Jones Act Waiver Granted In Response to Hurricanes Harvey and Irma

Jeanne M. Grasso, Sean T. Pribyl, Matthew J. Thomas, and Jonathan K. Waldron




Action Item: On September 8, 2017, Acting Secretary of the Department of Homeland Security (“DHS”) Elaine Duke granted a seven-day waiver of the Jones Act in the interest of national defense. The waiver was issued to facilitate the movement of refined petroleum products to be shipped from New York, Pennsylvania, Texas, and Louisiana to South Carolina, Georgia, Florida, and Puerto Rico. Notably, this waiver applies to covered merchandise laded on board a vessel within the seven-day period of the waiver, and interested parties should be aware of the restrictions attendant to this waiver. The actual Jones Act waiver can be found here.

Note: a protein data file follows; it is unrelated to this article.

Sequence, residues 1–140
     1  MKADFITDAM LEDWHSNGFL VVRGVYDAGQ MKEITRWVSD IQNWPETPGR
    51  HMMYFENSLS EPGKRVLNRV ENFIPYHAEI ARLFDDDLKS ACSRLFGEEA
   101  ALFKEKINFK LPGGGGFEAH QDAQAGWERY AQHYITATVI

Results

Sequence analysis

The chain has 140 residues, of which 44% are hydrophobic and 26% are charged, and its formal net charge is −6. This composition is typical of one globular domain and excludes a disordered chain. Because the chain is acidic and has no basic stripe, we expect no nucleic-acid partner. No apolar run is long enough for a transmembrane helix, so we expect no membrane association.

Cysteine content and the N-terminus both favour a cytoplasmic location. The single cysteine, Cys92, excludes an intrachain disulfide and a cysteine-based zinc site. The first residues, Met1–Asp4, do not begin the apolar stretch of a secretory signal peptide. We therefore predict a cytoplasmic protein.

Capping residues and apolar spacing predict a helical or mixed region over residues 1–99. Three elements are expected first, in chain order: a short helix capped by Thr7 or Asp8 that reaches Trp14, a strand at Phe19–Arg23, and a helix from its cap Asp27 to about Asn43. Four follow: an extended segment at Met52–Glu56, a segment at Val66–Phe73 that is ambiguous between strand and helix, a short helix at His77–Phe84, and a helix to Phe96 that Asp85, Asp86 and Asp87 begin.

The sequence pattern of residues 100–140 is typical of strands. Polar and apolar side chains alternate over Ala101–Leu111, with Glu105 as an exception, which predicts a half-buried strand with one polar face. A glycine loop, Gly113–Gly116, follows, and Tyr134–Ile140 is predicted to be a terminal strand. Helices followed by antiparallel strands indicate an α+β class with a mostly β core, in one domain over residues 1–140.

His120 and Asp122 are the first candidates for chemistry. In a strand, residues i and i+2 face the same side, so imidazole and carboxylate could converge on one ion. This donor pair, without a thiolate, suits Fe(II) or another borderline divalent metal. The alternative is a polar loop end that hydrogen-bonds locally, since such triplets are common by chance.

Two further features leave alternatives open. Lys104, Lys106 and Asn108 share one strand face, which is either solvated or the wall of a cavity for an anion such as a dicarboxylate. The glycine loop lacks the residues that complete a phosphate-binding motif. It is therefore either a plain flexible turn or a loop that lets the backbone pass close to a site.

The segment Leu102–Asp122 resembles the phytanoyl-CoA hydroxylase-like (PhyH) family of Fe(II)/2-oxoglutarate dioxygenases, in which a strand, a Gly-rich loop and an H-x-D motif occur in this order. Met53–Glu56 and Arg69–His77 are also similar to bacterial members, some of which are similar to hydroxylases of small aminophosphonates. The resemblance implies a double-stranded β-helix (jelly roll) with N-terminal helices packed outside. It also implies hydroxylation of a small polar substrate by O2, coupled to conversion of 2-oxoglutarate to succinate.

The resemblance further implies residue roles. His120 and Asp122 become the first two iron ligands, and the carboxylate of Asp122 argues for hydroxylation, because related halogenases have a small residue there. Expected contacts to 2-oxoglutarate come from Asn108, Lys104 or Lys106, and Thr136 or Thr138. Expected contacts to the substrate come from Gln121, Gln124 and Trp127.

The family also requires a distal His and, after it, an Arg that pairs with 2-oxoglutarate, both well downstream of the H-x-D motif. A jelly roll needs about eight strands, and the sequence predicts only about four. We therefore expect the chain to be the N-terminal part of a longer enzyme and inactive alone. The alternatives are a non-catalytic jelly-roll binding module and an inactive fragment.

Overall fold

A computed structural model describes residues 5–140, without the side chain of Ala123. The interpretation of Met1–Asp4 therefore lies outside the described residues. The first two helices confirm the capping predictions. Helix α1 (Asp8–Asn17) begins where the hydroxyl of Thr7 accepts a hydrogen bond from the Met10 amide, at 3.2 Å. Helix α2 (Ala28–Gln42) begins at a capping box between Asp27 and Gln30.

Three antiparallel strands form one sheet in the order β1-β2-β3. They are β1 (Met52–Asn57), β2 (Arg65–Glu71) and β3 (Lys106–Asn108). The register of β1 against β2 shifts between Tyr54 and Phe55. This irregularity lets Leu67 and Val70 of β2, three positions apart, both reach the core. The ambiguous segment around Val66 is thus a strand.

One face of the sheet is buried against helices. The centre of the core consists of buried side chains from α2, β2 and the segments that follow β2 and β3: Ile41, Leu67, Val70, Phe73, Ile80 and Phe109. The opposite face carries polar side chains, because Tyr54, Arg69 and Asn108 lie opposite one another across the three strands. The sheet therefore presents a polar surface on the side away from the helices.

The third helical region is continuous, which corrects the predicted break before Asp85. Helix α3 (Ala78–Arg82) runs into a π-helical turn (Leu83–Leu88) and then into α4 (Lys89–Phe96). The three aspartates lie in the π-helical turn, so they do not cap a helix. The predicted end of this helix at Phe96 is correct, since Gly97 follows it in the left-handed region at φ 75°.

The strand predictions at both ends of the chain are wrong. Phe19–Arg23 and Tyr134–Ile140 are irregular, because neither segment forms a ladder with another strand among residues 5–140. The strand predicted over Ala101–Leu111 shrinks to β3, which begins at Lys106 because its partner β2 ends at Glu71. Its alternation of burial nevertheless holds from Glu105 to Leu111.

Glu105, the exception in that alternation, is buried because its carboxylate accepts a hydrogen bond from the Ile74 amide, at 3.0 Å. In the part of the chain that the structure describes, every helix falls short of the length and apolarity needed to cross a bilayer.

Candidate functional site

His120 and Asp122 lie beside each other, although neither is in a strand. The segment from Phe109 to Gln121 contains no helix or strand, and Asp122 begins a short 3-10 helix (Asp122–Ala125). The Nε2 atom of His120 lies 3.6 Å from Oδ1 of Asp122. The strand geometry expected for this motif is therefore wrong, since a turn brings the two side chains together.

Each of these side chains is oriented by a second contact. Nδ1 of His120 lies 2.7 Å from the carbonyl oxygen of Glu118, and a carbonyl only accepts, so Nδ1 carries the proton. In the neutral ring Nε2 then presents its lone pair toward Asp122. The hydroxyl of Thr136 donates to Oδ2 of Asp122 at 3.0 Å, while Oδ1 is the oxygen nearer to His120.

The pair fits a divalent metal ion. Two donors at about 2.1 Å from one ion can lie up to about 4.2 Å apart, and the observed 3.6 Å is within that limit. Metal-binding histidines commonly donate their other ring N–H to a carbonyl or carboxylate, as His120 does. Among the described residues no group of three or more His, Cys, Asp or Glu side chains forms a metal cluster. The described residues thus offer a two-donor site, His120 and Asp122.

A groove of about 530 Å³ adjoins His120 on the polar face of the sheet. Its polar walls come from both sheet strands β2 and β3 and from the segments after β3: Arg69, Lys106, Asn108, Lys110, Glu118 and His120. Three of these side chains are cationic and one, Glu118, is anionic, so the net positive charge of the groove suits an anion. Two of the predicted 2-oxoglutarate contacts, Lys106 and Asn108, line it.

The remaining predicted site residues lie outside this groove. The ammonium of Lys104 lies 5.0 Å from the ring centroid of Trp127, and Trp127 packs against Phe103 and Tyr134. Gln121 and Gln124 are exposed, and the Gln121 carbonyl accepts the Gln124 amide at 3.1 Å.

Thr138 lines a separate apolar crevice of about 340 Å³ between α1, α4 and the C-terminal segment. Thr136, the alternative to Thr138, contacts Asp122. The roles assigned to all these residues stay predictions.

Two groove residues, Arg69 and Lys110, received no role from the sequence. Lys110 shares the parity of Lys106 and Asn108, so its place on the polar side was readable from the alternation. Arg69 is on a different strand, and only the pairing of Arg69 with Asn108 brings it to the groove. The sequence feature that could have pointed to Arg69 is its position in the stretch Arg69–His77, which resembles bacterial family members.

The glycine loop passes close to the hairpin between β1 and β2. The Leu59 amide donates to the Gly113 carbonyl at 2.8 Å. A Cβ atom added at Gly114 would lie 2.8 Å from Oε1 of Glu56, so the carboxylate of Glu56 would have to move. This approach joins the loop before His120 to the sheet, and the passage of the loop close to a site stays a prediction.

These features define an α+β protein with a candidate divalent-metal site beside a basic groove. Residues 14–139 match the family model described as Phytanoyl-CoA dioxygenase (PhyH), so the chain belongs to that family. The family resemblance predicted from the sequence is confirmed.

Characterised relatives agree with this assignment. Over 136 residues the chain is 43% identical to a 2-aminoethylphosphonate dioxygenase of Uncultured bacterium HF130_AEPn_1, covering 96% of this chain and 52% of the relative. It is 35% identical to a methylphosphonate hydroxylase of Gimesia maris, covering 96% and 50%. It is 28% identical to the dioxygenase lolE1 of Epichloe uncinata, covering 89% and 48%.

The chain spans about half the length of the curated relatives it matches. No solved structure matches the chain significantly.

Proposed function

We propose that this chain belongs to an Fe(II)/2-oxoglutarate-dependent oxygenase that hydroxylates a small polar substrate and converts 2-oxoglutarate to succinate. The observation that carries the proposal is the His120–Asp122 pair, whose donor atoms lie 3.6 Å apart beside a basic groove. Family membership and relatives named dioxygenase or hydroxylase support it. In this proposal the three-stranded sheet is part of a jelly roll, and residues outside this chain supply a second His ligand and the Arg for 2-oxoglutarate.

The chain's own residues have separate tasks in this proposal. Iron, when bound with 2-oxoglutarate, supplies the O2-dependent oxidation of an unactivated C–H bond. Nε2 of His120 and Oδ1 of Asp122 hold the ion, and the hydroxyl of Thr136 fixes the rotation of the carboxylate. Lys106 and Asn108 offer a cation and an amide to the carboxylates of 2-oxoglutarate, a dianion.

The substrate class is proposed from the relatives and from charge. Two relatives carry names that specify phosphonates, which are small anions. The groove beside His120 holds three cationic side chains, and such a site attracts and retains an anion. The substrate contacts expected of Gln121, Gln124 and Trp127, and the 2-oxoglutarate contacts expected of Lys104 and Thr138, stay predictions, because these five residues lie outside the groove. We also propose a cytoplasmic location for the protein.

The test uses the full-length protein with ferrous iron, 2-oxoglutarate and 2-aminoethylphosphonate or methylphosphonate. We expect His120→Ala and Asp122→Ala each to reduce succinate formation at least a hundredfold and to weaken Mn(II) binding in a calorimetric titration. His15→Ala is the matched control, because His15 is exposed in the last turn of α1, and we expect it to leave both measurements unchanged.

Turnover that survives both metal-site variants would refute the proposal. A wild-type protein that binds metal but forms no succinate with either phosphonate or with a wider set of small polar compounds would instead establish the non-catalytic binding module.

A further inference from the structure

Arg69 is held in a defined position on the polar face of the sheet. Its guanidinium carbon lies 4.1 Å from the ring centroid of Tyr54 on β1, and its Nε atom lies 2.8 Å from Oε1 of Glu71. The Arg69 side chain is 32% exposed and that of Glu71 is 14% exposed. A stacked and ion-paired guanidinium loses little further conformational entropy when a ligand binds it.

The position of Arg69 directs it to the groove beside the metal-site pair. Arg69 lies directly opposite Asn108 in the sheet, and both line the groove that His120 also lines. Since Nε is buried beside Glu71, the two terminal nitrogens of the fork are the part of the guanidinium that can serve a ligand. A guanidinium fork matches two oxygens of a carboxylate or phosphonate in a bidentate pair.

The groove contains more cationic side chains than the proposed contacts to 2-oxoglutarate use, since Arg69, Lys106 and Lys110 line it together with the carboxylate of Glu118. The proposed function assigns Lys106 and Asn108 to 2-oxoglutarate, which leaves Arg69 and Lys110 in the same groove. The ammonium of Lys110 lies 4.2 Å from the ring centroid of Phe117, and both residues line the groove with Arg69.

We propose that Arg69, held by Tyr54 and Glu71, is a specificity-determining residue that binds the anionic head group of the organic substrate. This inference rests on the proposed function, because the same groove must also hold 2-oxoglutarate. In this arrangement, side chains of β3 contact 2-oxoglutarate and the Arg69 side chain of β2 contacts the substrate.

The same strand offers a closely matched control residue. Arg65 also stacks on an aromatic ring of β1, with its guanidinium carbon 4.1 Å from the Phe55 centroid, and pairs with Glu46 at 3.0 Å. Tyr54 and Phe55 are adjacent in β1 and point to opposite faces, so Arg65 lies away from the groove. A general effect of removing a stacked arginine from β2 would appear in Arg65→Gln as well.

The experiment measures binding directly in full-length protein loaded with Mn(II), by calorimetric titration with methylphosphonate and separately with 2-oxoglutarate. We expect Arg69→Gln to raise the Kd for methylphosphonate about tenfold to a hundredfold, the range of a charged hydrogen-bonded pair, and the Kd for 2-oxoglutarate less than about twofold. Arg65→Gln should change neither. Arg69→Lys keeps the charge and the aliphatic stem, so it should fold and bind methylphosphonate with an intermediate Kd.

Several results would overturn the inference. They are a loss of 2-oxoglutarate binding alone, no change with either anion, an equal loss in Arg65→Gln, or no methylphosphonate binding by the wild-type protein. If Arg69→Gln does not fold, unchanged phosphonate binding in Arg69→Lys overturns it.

Key Points about the Waiver

The September 8, 2017, Jones Act waiver applies only to certain commodities—specifically, “refined petroleum products, including gasoline, diesel, and jet fuel.” This provision has created some market uncertainly on the issue of whether all refined products are covered, or only the three specifically listed. It appears that the key federal agencies involved in crafting the waiver are aware of this issue and may provide more clarification on whether non-listed refined products (e.g., kerosene, heating oil, various gasoline blendstocks) are within the waiver’s scope. In any event, however, it is clear that crude oil and other non-refined products are excluded.